The January 6th Committee Forgot About the Officers

After the attacks on 9/11, I provided Critical Incident Stress Management (CISM) services for a variety of private companies. In one case, I ended up staying a week – not just because of the attacks, but because the company was undergoing a merger. Employees were on edge knowing some were going to lose their jobs. Middle management literally felt caught in the middle between justifying executive decisions while fielding employee complaints. I was struck by the company’s apparent disregard for human factors. (Did I mention this was a healthcare company?)

A similar oversight is currently taking place in the US Capitol. While the US House and the media have been fixated on justice for the January 6th attacks, not a single member of Congress appears to care about the mental health of the US Capitol Police (USCP) officers to whom they profess gratitude.

As a clinical social worker for almost 30 years, including the Army, I know the long-term impact trauma can have on the brain. After a critical incident, it’s imperative that a team of licensed professionals with CISM training be deployed on site immediately. It’s now been over a year. The officers were never debriefed, as is standard protocol. Nor were they educated on what symptoms to expect (also called “normal reactions to an abnormal situation”) and how to positively cope with them. Command should have also been trained to recognize and properly support officers recovering from trauma.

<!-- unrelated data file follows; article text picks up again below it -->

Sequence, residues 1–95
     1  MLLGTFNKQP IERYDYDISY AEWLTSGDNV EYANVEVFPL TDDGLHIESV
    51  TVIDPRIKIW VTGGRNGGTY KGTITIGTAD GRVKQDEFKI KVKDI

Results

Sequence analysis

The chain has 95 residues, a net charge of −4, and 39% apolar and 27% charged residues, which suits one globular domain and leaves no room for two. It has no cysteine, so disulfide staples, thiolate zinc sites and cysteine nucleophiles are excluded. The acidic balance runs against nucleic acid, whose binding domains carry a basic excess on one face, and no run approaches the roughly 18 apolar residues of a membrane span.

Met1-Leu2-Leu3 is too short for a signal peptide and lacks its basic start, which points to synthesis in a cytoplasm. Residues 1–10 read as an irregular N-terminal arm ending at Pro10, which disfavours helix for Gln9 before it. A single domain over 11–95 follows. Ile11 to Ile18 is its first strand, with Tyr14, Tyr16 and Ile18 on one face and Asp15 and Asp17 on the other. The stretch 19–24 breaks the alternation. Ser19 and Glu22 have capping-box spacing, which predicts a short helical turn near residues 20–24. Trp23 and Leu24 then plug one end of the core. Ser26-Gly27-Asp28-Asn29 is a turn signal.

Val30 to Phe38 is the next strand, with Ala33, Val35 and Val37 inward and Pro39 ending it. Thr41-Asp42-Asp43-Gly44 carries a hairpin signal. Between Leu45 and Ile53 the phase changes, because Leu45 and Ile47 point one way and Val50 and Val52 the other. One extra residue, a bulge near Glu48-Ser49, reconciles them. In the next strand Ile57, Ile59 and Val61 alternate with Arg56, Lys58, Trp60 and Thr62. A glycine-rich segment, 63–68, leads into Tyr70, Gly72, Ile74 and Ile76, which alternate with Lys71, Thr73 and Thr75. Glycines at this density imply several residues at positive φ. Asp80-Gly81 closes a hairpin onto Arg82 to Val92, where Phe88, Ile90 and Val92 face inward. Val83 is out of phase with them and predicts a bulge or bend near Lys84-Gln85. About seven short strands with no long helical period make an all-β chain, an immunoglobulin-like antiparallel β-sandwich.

Because of inadequate support and agency dysfunction, the USCP officers are being perpetually retraumatized – like tuning forks being repeatedly slammed against a table before having the chance to stop vibrating. As a result, officers are still struggling with depression, guilt, panic attacks, nightmares, flashbacks, and anger outbursts a year later.

This is what happens in a society that ignores mental health. As an Army commander once told me, “You don’t know what you don’t know.” Congress should have known Officers would need CISM services. The USCP Department should have trained supervisors to recognize symptoms of trauma and how to respond. The media should have held Congress and the USCP accountable for providing Officers with adequate mental health services. These oversights are tantamount to leaving an Officer on the floor bleeding.

As a result, I fear another violent attack toward USCP Officers could trigger explosive anger or debilitating anxiety.

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